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baking

Nov 30 2011

Baking up memories

by Dea Anne M

I will never forget the Christmas Eve that I arrived home from college at about 7:30 pm. After hugging me, Mom said “You can start baking the cookies while the rest of us trim the tree!” Now I know that some folks actually do put up the tree the night before, but even for my “let’s do everything at the last minute” family this was a little extreme. Anyway, I put my stuff down, pulled out the bowls and pans, and got to work. I think my head hit the pillow just before Santa arrived but I got those cookies baked and another family holiday tradition was preserved.

I started doing the holiday baking when I was still in high school and it was always a happy task for me. My family’s taste (or maybe just mine!) veered more towards the buttery end of the goodie spectrum than the sugary, and the cookies I baked were invariably rich. Dad’s favorite was a shortbread-like toasted pecan bedecked bar known as Jan Hagel. I also baked a cookie that we called Jingle Bells—a complicated affair that involved making a rich, buttery dough, setting aside about a third of it, dividing the rest in half, and using food coloring to dye one half green and the other half red. I would then form each dough half into a log and then shape the log into a form approximating that of a bell. I’d then divide the uncolored dough in half, roll out each piece into a rectangle, and wrap the rectangles around the bell-logs. After chilling, I would take the dough, slice it, and bake the bells. Right now, you might be thinking that no cookie could possibly taste good enough to be worth that much effort, and you might be right. Still, Jingle Bells were one of those “wouldn’t be Christmas without it” items for my family and, for me, time more than well spent. As if Jingle Bells weren’t enough, I also always made my own favorite, Christmas Spritz. These little labors of love involved filling a cookie press with a…you guessed it…buttery dough and carefully pressing out tiny Christmas wreaths which I would then painstakingly decorate with sprinkles and nonpareils.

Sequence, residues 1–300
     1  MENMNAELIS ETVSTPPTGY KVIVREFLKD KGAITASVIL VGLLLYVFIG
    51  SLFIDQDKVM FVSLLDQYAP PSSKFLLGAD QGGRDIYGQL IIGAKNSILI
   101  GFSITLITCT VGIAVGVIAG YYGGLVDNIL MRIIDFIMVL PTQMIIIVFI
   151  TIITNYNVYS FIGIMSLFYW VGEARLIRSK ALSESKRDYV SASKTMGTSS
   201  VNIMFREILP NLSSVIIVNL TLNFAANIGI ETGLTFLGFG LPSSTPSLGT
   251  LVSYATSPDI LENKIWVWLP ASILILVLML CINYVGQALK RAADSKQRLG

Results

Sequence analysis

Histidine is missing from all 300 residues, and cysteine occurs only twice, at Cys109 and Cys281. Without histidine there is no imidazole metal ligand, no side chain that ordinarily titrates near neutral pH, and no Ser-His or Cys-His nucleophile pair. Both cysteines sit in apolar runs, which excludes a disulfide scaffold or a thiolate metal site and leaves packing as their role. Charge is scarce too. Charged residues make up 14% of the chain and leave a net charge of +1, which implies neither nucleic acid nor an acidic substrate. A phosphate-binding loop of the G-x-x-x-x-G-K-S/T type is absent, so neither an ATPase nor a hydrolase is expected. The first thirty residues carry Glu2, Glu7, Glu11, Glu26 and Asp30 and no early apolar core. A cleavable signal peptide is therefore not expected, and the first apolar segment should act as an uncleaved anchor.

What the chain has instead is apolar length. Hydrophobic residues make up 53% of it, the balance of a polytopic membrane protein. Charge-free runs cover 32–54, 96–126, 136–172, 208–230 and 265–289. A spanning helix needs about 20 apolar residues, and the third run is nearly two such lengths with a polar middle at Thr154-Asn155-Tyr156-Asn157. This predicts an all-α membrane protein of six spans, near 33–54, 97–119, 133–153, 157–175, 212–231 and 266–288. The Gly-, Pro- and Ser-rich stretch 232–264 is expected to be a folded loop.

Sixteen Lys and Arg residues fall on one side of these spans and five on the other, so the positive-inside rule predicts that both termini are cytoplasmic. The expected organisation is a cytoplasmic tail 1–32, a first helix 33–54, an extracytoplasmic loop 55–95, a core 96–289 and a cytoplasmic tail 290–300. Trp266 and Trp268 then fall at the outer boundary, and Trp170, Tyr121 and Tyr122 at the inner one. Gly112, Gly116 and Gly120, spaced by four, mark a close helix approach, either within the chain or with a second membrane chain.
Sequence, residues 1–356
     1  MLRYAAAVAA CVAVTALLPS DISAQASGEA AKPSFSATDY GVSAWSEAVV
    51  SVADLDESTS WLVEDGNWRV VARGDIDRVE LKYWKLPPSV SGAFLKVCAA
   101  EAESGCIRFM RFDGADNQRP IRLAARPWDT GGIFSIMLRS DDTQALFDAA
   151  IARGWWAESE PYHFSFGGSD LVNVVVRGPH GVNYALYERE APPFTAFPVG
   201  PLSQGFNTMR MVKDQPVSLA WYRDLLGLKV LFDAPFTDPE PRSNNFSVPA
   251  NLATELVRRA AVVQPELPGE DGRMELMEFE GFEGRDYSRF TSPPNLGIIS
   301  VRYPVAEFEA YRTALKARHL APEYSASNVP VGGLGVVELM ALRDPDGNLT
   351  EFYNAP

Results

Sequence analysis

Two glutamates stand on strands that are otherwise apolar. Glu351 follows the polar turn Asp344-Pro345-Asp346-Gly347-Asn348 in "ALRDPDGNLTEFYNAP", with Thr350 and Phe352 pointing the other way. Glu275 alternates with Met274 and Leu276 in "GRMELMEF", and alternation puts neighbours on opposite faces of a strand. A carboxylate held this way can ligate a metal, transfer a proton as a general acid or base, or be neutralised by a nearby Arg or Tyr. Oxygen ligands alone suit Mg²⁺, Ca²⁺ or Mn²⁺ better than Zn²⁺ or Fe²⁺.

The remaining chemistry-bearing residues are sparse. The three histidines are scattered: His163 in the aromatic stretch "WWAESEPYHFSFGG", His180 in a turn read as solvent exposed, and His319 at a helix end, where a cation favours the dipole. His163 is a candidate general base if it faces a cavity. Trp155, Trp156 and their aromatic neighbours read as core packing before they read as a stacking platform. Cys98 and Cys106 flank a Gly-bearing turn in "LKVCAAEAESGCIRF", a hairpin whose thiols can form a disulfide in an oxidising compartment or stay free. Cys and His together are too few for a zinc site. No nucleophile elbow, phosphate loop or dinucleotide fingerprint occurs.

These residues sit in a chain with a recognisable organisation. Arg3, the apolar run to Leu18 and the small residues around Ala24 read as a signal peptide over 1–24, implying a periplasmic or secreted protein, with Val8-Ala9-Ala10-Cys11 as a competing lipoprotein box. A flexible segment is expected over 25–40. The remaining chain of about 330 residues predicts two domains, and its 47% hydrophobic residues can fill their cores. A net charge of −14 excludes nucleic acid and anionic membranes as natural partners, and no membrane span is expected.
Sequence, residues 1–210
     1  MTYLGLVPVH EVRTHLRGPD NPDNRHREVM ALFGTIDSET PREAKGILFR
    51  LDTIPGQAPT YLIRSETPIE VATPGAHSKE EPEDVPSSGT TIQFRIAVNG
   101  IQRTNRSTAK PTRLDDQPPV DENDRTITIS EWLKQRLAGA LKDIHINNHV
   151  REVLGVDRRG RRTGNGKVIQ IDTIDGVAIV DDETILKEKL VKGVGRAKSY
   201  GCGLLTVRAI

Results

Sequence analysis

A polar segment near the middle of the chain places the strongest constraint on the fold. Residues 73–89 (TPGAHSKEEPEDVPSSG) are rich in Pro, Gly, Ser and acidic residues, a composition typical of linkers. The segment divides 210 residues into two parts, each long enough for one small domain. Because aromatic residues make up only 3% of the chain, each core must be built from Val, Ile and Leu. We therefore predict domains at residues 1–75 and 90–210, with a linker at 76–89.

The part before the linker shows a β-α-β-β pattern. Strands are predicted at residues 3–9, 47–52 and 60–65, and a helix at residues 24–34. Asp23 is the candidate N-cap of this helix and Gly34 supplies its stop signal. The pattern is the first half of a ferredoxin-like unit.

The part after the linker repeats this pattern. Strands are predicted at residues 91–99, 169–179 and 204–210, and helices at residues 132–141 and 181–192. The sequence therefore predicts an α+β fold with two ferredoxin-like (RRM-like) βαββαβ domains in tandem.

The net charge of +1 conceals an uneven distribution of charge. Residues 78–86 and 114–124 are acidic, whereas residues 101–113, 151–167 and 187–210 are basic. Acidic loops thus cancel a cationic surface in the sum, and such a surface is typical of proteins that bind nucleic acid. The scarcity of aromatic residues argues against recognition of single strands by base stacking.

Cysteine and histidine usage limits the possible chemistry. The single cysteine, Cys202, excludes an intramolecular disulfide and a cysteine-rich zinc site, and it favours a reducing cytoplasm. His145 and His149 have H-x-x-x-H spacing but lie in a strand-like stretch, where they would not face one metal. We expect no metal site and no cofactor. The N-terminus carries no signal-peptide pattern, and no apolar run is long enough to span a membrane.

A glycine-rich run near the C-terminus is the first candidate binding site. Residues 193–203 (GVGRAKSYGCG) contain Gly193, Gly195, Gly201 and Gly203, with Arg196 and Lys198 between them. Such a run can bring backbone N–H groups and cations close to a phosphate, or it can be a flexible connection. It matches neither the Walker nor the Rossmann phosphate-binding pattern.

I still do holiday baking, although these days my choices involve cookies of the “drop ’em and bake ’em” variety. I have for several years now baked the same two cookies—one a chocolate and chocolate chip flavored with peppermint and the other an orange flavored drop stuffed with dried cranberries and orange zest. I usually spend the better part of a day baking dozens and dozens to give to friends, co-workers, and family. Every year, as I consider baking a different variety, someone will tell me how much they loved the orange-cranberry last year or drop some not-so-subtle hint about looking forward to the chocolate-chocolate mint, and so my own holiday tradition remains preserved.

Are you looking to change up your own holiday baking tradition or start a new one? If so, DCPL has resources to help.

You’ll find a stunning collection of cookie possibilities in The Gourmet Cookie Book: the single best recipe from each year 1941 -2009. As the title promises, the editors of Gourmet magazine (which ceased publication in 2009) have selected a “best” recipe from each year. The selections range from the homey (Aunt Sis’s Strawberry Tart Cookies) to the exotic (Grand Marnier Glazed Pain D’Epice Cookies). You’re sure to find a tradition-worthy recipe or two here.

Say what you will about Martha Stewart, she’s still a woman who knows her way around a kitchen. The DVD Martha’s Favorite Cookies from the folks at Martha Stewart Living Television will provide you with one-on-one instructions for baking 33 different cookies including Fig Bars and Coconut Pinwheels. Yum!

Of course, holiday baking is about more than cookies. Holiday Baking: new and traditional recipes for wintertime holidays by Sara Perry includes not just recipes for cookies, but also pastries, savory tarts, oven baked omelets, and other delicious sounding treats. As the title promises, the recipes run the gamut of holidays that we celebrate this time of year and include Kwanzaa, Hanukkah, and Boxing Day.